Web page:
Britain: Massive abstention in Unite leadership contest

By Peter Reydt
19 March 2009

Derek Simpson has only narrowly held on to his position as general secretary of the Amicus section of the trade union Unite. The election result means he will continue as joint general secretary with Tony Woodley of the Transport and General Workers' Union section of Unite. 

Simpson received less than 38 percent of the votes cast. But this was made worse by the fact that turnout was only 14.5 percent of eligible voters. 

The low turnout underscores the extreme disconnect of workers from the trade unions. Even for such an important election, the trade union bureaucracy could not mobilise the participation of their rank and file members, and for the most part did not want to do so. After they have carried out decades of pro-capitalist policies, these organisations have only a negative significance in the day-to-day lives of the majority of workers. 

These issues could clearly be seen in the way the election was brought about and fought out. 

It was bound up with the process of merger between the Transport and General Workers' Union and Amicus into the "super union" Unite in May 2007, which sparked a dogfight for lucrative positions. 

Unite is the largest trade union in Britain, with almost two million members across every industry. It is also the largest contributor to the political fund of the Labour Party. 

The merger was driven by falling membership figures and finances. But the two unions could only be persuaded to pool their resources by dividing leading posts between them for a time. It was agreed that Simpson would retire on his 66th birthday, on December 23, 2010, and Woodley one year later. Currently, the union maintains separate financial and membership systems for the TGWU and Amicus sides, and separate rule books. But the merger was to be formally complete in November 2008, with an election for a single general secretary of the union due in 2010.

The entire process was jeopardised by a legal challenge from Jerry Hicks, a former Socialist Workers Party member who is now a supporter of George Galloway's Respect. He challenged the agreement that Simpson could continue past his retirement age—a deal that flouted Amicus union rules. Hicks pointed out that Simpson himself had won the leadership of Amicus after he had mounted a successful challenge in 2002 to the incumbent Sir Ken Jackson on the same grounds.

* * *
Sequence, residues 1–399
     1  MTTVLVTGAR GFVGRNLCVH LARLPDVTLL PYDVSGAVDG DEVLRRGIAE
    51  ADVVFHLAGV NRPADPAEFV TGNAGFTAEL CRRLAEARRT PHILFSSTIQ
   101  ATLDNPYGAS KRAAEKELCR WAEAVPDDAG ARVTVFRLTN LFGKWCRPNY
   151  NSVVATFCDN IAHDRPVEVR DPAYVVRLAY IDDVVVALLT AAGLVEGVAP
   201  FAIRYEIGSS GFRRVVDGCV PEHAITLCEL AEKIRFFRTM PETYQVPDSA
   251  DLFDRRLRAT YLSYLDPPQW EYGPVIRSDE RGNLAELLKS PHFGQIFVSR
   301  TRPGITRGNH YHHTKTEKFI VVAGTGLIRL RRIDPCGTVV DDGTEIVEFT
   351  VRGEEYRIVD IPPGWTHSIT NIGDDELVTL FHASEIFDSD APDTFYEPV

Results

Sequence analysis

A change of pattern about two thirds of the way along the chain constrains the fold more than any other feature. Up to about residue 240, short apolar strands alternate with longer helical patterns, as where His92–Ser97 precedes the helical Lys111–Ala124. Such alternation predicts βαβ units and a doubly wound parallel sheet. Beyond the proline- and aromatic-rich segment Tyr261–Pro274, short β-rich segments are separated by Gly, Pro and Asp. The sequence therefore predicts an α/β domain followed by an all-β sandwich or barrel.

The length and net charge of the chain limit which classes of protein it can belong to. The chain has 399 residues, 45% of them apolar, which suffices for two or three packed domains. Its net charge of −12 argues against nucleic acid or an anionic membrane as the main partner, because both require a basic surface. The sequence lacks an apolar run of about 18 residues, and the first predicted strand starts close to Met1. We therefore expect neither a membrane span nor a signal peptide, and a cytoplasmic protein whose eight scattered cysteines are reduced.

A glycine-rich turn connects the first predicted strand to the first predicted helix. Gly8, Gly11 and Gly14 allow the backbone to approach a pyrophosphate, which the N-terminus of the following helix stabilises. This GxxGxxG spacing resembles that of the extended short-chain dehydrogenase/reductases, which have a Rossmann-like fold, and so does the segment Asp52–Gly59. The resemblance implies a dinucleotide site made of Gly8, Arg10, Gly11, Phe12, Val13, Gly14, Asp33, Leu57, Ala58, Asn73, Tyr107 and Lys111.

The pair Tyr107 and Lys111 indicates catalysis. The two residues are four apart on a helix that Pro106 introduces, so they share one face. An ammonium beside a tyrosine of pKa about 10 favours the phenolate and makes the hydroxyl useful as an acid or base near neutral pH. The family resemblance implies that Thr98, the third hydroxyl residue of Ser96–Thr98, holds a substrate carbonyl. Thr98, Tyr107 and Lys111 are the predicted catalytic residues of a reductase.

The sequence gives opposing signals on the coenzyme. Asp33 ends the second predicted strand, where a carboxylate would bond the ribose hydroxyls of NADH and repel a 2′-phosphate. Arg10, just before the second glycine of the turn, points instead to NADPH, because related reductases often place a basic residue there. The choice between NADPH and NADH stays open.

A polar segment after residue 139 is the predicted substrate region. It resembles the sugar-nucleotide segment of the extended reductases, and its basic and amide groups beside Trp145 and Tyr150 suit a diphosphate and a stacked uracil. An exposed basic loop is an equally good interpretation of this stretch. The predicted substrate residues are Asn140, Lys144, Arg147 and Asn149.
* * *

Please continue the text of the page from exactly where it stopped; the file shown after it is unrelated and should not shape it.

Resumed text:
Hicks complained that the agreement to delay Simpson's retirement added to the disengagement of workers from the union, which was damaging the fighting capacity of Amicus. His argument found some support within the union. He won the second highest vote, at almost 25 percent of the ballots cast. This was despite efforts by the union's leading bodies to derail his standing. The union tops were venomously opposed to Hicks's challenge, which threw their plans into crisis. They thought everything was stitched up and the status quo within the leading echelons ensured. 

If Simpson was made to stand down early, Unite would have to stage an election for a single general secretary that would also threaten Woodley's position. Nevertheless the bureaucracy was forced to acknowledge that Hicks's challenge would legally stand. To bypass this threat, a special meeting of the Unite executive council put on hold the process of full integration until May 1, 2009. This allowed the election in the Amicus section to go ahead, with the winner holding office for a year, from December 2009 to December 2010.

Even so, in the current political climate it was far from certain that Simpson could hold on to his position. Hicks made sufficient left sounding noises to be a threat. He attacked the lucrative pay of Amicus's leading personnel, reportedly the highest of any Union in Britain, promising to only draw an average skilled worker's wage when elected—a stand that would chime with workers.

Using union resources a letter was sent out outlining Simpson's supposed union successes, and the spring issue of the union magazine, with Simpson's picture on the front, was published early in February. Finally, when the ballot papers were sent out, they included a document that accused Hicks of lying over Simpson's remunerations.